Like many people, I ﬁrst came across Cheryl Strayed through her column Dear Sugar on the Rumpus, though her identity was still a secret at that point. Sugar’s advice is so unsparingly raw, honest, and compassionate — I think I read all the entries the ﬁrst time I came across one of them. One day at a bookstore when I couldn’t ﬁnd Wild on the shelf, I skimmed through Tiny Beautiful Things, a collection of the Sugar letters in book form, only to ﬁnd skimming through that everything was too familiar for the fresh read I was looking for at the time.
Strayed’s decision to hike the Paciﬁc Crest Trail came after several tough years centered around the death of her mother, the estrangement of the rest of her family, the dissolution of her marriage to a man she still loved but couldn’t be with anymore, and a brief frolic with heroin. She happened to see a guidebook about the trail in a store, and it presented itself as something she could do to ﬁll the hole in heart. Strayed wasn’t at all prepared to take on such a long hike, so she ended up with too-small boots and an overstuﬀed backpack and barely enough money to get by over the hundred days she allotted for the journey. But the symbolism of it is incredible: with her feet literally rubbed raw, her focus pared down to just putting one pained foot in front of the other. Though it’s an intense struggle for her and several ridiculously unlucky things happen to make it harder, at the same time she found more help along the way than other hikers do. Her experience is both harder and easier.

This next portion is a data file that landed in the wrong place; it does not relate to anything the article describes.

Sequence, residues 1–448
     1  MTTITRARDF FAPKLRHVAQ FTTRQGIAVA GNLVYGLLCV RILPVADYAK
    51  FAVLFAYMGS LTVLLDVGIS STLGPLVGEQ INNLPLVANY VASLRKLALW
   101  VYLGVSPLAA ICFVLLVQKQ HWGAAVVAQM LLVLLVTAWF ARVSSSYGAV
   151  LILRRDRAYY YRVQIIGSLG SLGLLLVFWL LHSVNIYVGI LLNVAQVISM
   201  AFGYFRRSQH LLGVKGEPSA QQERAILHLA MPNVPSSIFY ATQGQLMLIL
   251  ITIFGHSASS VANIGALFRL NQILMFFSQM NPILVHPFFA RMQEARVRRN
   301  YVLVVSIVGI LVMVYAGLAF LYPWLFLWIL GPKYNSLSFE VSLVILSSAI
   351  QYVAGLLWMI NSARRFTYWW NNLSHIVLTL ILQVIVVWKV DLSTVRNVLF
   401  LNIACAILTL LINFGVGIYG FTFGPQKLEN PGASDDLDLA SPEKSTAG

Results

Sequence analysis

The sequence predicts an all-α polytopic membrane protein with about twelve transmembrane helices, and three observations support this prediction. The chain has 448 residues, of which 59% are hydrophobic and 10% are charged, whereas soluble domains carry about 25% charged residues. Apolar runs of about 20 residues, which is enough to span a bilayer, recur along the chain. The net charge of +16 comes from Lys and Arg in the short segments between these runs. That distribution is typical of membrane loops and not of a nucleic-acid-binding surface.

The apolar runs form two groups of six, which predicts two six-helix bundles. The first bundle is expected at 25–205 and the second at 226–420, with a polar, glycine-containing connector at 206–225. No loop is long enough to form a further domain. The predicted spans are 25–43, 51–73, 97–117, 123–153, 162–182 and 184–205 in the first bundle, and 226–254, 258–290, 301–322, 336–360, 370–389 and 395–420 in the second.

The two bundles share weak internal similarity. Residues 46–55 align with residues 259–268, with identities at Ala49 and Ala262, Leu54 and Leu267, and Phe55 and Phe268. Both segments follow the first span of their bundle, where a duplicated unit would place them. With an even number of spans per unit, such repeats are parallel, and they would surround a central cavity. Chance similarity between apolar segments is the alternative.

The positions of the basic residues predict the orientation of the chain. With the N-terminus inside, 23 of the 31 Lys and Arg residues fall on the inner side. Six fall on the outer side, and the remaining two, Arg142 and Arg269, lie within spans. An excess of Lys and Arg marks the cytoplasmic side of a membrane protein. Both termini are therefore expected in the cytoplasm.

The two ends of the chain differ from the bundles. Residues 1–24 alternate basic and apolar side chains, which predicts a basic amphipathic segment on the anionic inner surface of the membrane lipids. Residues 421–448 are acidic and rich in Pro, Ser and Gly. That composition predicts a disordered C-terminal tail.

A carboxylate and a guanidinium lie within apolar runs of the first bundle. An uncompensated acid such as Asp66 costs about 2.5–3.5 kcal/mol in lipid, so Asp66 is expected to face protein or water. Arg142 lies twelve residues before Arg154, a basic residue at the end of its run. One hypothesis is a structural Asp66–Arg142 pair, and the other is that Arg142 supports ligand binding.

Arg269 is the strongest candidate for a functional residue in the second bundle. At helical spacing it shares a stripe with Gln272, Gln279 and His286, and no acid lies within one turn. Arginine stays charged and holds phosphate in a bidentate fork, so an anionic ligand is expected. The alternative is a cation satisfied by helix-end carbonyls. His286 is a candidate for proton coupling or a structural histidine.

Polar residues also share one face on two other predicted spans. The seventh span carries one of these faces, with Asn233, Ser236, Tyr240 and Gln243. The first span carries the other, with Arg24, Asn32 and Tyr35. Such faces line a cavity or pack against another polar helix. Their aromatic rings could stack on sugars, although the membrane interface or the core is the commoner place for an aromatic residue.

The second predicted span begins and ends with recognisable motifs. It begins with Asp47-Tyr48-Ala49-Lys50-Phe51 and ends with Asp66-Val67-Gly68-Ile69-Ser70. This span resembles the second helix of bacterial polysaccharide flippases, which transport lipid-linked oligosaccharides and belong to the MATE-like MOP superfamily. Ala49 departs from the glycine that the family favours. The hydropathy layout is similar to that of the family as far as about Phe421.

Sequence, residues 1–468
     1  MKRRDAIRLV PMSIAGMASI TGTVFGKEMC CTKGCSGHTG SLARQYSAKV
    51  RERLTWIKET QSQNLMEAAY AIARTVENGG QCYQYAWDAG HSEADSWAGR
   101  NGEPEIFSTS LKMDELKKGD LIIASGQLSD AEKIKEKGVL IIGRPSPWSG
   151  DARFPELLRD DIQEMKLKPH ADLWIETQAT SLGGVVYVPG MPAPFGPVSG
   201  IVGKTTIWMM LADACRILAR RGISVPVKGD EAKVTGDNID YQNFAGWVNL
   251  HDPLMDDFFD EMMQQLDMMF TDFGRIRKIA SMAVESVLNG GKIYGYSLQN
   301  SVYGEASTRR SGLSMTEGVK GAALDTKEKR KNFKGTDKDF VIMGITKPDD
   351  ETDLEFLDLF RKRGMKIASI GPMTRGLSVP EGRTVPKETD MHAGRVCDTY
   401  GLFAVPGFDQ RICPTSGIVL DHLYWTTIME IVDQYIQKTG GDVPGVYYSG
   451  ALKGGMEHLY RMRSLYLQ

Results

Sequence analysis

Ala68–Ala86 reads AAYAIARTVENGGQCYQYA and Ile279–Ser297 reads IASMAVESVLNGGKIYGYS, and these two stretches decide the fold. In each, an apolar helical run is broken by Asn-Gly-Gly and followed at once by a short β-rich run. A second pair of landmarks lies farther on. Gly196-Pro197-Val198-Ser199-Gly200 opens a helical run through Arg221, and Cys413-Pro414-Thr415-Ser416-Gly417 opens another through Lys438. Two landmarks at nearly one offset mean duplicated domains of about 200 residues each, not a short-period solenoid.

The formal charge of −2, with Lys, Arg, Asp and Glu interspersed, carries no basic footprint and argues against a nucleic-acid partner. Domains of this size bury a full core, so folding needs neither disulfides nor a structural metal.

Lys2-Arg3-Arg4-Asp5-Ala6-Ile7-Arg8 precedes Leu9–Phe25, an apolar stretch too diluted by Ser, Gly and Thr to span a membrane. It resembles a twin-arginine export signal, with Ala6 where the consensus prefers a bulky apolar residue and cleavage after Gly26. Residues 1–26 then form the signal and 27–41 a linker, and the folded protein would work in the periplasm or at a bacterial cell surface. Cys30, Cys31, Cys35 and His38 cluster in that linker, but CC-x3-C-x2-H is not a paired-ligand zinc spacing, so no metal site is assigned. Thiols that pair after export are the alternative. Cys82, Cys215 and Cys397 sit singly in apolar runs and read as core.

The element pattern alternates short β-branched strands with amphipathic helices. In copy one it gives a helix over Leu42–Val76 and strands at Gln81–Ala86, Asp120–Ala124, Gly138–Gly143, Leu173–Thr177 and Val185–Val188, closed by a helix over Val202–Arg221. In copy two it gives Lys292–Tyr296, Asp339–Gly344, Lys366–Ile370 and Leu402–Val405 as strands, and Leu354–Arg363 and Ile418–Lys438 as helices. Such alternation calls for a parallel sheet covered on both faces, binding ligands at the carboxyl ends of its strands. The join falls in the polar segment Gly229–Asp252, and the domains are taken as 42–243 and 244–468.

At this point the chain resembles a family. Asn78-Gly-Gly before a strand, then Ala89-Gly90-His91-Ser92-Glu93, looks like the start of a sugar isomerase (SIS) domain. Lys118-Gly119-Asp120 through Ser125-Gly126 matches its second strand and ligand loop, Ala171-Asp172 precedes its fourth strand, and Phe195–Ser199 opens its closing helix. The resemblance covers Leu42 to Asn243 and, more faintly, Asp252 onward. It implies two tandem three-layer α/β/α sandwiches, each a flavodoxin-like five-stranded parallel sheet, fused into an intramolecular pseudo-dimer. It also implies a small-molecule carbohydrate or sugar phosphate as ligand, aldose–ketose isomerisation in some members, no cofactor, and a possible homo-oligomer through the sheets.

For me the especially interesting aspect to this book is that Strayed had a speciﬁc expectation of what her journey would be like and, while it wasn’t actually what she imagined, it was still the transformative experience she intended, just in a diﬀerent way. How appropriate, as I approached this book with a speciﬁc expectation that it would really hit me, since some of the struggles in her life are things I can relate to; more so, I went so far to expect it could helpfully shed some light on the things I still struggle with now. And it did, but more in the sense that it showed me how much I’ve learned already and how far I’ve come.